$ dateconv --from-zone "America/Chicago" --zone "Asia/Tokyo" 2012-01-04T09:33:00

$ dateconv --zone "America/Chicago" now -f "%d %b %Y %T" => 05 Apr 2012 11:11:57


A tool to perform date comparison in the shell, it's modelled after

but with proper command line options.
$ if datetest today --gt 2010-01-01; then
    echo "yes"


A tool to perform date arithmetic (date maths) in the shell. Given a date and a list of durations this will compute new dates. Given a duration and a list of dates this will compute new dates.

$ dateadd 2010-02-02 +4d

$ dateadd 2010-02-02 +1w => 2010-02-09

$ dateadd -1d < 2001-01-04 2000-12-31

Adding durations to times:

$ dateadd 12:05:00 +10m

and even date-times:

$ dateadd 2012-03-12T12:05:00 -1d4h

If supported by the system's zoneinfo database leap-second adjusted calculations are possible. Use the unit

to denote "real" seconds:
$ dateadd '2012-06-30 23:59:30' +30rs

as opposed to:

$ dateadd '2012-06-30 23:59:30' +30s


A tool to calculate the difference between two (or more) dates. This is somewhat the converse of dadd. Outputs will be durations that, when added to the first date, give the second date.

Get the number of days between two dates:

$ datediff 2001-02-08 2001-03-02

The duration format can be controlled through the

$ datediff 2001-02-08 2001-03-09 -f "%m month and %d day"
  1 month and 1 day

datediff also accepts time stamps as input:

$ datediff 2012-03-01T12:17:00 2012-03-02T14:00:00


switch does the right thing:
$ datediff 2012-03-01T12:17:00 2012-03-02T14:00:00 -f '%dd %Ss'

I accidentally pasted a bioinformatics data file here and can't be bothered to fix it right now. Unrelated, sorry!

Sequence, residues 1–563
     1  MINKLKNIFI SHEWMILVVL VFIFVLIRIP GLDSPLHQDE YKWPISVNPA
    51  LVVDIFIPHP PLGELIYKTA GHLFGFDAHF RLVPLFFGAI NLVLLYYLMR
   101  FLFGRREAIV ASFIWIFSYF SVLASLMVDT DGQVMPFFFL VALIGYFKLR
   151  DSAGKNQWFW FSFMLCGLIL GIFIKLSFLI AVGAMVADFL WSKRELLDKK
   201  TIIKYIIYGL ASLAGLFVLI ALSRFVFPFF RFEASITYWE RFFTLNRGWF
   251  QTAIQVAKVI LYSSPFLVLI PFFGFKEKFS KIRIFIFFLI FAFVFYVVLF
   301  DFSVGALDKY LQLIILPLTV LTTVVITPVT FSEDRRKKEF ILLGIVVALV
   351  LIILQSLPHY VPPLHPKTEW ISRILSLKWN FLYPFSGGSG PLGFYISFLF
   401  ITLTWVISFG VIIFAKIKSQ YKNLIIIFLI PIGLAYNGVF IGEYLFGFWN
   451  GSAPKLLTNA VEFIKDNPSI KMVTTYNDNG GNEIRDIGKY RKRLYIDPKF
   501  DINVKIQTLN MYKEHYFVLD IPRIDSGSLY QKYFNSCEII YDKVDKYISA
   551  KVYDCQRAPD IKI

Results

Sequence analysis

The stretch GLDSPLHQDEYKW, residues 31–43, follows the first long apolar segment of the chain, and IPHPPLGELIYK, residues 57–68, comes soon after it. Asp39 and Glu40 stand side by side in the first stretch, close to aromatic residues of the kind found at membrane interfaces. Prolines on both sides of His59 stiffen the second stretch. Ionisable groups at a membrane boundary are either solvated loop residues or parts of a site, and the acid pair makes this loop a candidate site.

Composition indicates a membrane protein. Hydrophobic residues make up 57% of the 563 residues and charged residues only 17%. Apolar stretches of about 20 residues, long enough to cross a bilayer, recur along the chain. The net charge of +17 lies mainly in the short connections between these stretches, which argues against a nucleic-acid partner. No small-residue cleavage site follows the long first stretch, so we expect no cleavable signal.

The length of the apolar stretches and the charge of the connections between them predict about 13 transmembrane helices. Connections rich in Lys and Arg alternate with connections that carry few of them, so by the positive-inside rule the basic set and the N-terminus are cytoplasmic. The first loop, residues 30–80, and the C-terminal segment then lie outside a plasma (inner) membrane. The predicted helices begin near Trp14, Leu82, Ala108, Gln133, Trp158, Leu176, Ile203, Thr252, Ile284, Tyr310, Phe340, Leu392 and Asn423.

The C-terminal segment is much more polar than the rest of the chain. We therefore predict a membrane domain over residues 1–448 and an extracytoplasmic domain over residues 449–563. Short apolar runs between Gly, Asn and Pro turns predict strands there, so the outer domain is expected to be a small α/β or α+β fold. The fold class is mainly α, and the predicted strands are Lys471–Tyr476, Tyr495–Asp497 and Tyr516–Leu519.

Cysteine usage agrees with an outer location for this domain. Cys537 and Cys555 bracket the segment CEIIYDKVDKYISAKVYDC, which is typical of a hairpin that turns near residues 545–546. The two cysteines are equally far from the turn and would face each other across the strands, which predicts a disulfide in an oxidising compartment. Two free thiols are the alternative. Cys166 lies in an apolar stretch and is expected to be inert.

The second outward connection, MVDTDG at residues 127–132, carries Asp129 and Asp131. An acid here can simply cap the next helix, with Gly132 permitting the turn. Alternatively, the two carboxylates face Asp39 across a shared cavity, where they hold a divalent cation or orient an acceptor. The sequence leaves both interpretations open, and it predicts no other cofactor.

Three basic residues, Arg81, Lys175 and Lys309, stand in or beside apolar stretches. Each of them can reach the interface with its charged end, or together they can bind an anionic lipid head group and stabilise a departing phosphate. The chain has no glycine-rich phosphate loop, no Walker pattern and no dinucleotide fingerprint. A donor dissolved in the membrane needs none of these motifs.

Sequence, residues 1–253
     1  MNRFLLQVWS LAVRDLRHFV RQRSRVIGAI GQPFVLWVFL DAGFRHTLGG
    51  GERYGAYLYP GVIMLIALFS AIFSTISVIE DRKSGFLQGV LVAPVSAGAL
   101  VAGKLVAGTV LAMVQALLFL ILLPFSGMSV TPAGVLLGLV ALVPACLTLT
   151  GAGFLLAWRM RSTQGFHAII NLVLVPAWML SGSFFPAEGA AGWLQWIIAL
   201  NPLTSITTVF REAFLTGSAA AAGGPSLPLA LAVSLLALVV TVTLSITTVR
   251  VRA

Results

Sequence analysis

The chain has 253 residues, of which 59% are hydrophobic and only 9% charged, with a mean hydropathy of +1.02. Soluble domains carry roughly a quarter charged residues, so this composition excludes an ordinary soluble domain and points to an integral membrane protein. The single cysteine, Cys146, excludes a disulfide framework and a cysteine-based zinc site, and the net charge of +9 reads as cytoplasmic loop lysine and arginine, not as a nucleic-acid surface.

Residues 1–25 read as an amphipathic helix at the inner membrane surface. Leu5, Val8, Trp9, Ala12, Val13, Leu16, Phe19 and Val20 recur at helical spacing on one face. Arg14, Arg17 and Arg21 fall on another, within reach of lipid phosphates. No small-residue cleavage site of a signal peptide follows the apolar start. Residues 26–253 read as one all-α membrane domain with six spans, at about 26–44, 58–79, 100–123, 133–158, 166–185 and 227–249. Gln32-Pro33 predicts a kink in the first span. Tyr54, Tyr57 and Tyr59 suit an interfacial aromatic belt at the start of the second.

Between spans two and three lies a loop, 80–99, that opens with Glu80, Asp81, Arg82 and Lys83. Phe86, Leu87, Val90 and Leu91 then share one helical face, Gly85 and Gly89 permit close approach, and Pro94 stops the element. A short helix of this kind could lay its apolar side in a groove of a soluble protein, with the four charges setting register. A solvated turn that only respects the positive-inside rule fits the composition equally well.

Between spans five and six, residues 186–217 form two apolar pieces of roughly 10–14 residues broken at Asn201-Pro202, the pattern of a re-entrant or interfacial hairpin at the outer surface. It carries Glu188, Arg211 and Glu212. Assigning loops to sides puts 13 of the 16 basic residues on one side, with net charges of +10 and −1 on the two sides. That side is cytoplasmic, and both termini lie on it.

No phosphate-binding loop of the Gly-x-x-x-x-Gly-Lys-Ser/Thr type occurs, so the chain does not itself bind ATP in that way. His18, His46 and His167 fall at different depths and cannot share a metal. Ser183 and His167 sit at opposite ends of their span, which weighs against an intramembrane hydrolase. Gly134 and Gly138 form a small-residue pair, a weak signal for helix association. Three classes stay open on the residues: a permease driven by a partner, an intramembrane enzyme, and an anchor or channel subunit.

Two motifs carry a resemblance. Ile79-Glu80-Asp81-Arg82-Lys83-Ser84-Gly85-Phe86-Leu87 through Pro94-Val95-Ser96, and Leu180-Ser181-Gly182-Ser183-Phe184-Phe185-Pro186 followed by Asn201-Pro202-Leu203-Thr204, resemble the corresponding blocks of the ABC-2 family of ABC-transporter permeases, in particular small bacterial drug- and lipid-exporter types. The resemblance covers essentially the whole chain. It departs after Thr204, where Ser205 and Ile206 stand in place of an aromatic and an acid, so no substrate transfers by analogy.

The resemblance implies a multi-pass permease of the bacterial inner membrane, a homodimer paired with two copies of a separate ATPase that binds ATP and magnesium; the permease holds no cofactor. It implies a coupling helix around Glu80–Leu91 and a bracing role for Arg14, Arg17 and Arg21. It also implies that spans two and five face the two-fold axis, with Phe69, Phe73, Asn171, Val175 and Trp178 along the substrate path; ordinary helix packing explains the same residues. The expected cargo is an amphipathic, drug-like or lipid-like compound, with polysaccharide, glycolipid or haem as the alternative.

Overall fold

1d 6180s

compare to:

$ datediff 2012-03-01T12:17:00 2012-03-02T14:00:00 -f '%dd %Hh %Ss'
  1d 1h 2580s

If supported by the system's zoneinfo database leap-second adjusted calculations can be made. Use the format specifier

to get the elapsed time in "real" seconds:
datediff '2012-06-30 23:59:30' '2012-07-01 00:00:30' -f '%rS'


A tool to extract lines from an input stream that match certain criteria, showing either the line or the match:

$ dategrep '<2012-03-01' <
  Feb   2012-02-28
  Feb   2012-02-29  leap day


A tool to "round" dates or time stamps to a recurring point in time, like the next/previous January or the next/previous Thursday.

Round (backwards) to the first of the current month:

$ dateround '2011-08-22' -1

Find the next Monday from the current date (today is 2016-01-08):

$ dateround today Mon

Go back to last September, then round to the end of the month:

$ dateround today -- -Sep +31d

Round a stream of dates strictly to the next month's first:

$ dateround -S -n 1 <
  pay cable 2012-03-01
  pay gas   2012-03-01
  pay rent  2012-04-01
  redeem loan   2012-04-01

Round a timeseries to the next minute (i.e. the seconds part is 00) and then to the next half-past time (and convert to ISO):

$ dateround -S 0s30m -i '%d/%m/%Y %T' -f '%F %T' <
  2012-03-06 14:30:00   eventA
  2012-03-06 14:30:00   eventA
  2012-03-06 14:30:00   eventB
  2012-03-06 15:30:00   eventB

Alternatively, if you divide the day into half-hours you can round to one of those using the co-class notation: